MoneyDesktop formally released its mobile app, MoneyMobile, today. The app has already won Best in Show at both Finovate Fall 2012 and BAI Retail Delivery 2012.
Because of these awards, the fintech sector has been buzzing — some of it positive; some of it not — about the app and its impressive user interface for some time. It is now available for financial institutions to white label and use to attract customers.
Two of the most prominent features of MoneyMobile are its Bubble budgets (pictured at left) and Sync engine, which allows for changes made on a device, say on your iPhone, to be instantly displayed on another (your laptop.) The idea is to deliver the same user experience regardless of device.
Bubble budgets allow users to see the relative size of various budgets and adjust accordingly. In other words, going over budget on pet food, which may be budgeted at $20 a month, is less serious than going over budget on a much larger line item, such as your home improvement budget.
MoneyDesktop CEO Ryan Caldwell told Bank Innovation last Friday that the release of MoneyMobile is part of a different view on PFM at MoneyDesktop.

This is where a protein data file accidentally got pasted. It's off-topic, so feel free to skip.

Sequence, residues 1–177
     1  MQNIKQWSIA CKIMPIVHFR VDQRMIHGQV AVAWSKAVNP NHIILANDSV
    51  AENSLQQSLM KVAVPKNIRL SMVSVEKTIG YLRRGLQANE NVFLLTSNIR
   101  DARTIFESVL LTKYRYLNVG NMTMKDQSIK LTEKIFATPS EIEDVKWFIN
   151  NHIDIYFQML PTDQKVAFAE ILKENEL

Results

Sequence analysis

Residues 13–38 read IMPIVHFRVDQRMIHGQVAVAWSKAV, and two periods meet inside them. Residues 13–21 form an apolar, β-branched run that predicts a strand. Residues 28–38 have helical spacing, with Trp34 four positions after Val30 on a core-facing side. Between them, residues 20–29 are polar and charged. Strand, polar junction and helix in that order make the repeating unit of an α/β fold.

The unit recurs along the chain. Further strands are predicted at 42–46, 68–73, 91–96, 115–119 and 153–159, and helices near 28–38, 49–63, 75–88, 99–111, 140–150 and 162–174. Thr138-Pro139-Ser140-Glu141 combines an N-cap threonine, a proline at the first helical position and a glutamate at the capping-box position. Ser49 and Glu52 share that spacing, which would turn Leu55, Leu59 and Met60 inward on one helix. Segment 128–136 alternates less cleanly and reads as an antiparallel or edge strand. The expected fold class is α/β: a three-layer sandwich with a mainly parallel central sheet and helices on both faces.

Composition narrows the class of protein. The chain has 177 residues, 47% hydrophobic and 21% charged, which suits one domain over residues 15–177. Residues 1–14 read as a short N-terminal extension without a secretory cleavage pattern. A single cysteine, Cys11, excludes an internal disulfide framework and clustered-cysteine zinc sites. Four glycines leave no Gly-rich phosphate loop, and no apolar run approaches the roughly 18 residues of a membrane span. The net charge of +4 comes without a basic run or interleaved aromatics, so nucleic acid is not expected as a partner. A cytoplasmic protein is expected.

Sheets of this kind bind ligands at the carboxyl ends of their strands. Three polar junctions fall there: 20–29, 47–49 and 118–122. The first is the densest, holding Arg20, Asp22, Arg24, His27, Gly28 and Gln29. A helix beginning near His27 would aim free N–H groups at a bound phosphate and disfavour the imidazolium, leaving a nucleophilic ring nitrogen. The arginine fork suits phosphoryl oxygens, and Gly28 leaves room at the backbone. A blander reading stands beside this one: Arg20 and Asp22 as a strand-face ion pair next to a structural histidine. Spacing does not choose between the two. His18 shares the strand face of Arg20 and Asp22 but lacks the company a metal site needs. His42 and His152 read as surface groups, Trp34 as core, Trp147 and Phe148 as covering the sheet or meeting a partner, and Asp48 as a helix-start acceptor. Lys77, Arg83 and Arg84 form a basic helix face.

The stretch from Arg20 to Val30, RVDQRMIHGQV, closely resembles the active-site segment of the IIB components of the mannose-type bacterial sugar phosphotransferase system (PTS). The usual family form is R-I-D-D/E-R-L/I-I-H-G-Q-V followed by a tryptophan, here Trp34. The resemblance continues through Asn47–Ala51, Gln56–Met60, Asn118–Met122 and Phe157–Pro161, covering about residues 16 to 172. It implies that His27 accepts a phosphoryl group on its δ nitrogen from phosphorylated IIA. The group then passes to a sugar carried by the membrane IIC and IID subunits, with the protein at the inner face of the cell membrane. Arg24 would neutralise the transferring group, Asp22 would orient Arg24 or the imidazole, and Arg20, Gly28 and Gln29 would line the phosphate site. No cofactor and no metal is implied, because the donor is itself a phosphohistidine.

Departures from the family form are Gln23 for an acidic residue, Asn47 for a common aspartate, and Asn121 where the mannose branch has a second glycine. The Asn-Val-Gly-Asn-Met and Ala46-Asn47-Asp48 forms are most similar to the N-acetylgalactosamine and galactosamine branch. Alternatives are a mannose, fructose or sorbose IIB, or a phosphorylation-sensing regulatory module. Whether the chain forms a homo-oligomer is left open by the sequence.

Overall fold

“We need to stop using PFM as a term to mean pie charts and bar graphs,” Caldwell said. “PFM is anything that helps someone manage their personal finances.”
This may come as a surprise coming from the head of a company known for bubble budgets, but Caldwell is serious about banks transforming the way they see PFM and its utility.
“Banks will have to treat the financial landscape like Google treated the search industry,” he said. “That means doing more — much more — than customers expect.”
Caldwell said banks should emulate Google in how Google piled features on top of search so that when a user searched for, say, a restaurant , they didn’t just get a URL, they got a map and reviews and photos. When banks understand this “Google level of service,” Caldwell said, the relationship between banks and customers will be transformed — and customers will trust banks with more information and more access. This change will fundamentally alter the way customers shop and use money generally, he said.
MoneyDesktop, for its part, is working on deepening the customer relationship for banks by facilitating the recommendation of products for cross-selling — and even purchase — outside the financial institution.
“We’ve built a very robust CRM and analytics product as a complement to MoneyDesktop,” Caldwell said. “It will be ready within the next few months.”
Caldwell also lamented the bad rap the term “gamification” has gotten.
“People hear the term and think ‘Angry Birds,'” he said. “But gamification is in our DNA. We’re built to play games. Banks need to understand this.”
The term “game” does not necessarily mean “fun” to Caldwell. Instead it means a set of rules that, if you act within them, you are rewarded. PFM needs to be like a game, he said, allowing customers to feel a sense of achievement for earning or saving or making wise decisions, or customers will not use it.
“If you look at it and just see that you’re drowning in debt, it’s no fun,” he said.